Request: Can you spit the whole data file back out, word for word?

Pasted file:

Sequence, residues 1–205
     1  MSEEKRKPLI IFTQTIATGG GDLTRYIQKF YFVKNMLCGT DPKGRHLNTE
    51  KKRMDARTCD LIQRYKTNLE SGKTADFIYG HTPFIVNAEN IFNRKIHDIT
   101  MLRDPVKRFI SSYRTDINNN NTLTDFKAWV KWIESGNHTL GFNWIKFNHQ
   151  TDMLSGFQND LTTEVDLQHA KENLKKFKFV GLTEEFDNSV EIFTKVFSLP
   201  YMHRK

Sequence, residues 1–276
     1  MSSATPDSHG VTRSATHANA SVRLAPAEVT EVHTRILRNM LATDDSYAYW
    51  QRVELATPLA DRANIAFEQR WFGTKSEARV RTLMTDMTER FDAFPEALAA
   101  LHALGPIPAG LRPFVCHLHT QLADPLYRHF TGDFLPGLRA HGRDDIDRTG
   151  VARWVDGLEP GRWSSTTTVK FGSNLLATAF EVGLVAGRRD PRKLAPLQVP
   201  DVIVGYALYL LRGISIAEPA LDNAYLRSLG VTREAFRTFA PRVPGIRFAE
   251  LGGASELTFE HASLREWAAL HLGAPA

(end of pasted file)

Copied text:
Sequence, residues 1–205
     1  MSEEKRKPLI IFTQTIATGG GDLTRYIQKF YFVKNMLCGT DPKGRHLNTE
    51  KKRMDARTCD LIQRYKTNLE SGKTADFIYG HTPFIVNAEN IFNRKIHDIT
   101  MLRDPVKRFI SSYRTDINNN NTLTDFKAWV KWIESGNHTL GFNWIKFNHQ
   151  TDMLSGFQND LTTEVDLQHA KENLKKFKFV GLTEEFDNSV EIFTKVFSLP
   201  YMHRK

Sequence, residues 1–276
     1  MSSATPDSHG VTRSATHANA SVRLAPAEVT EVHTRILRNM LATDDSYAYW
    51  QRVELATPLA DRANIAFEQR WFGTKSEARV RTLMTDMTER FDAFPEALAA
   101  LHALGPIPAG LRPFVCHLHT QLADPLYRHF TGDFLPGLRA HGRDDIDRTG
   151  VARWVDGLEP GRWSSTTTVK FGSNLLATAF EVGLVAGRRD PRKLAPLQVP
   201  DVIVGYALYL LRGISIAEPA LDNAYLRSLG VTREAFRTFA PRVPGIRFAE
   251  LGGASELTFE HASLREWAAL HLGAPA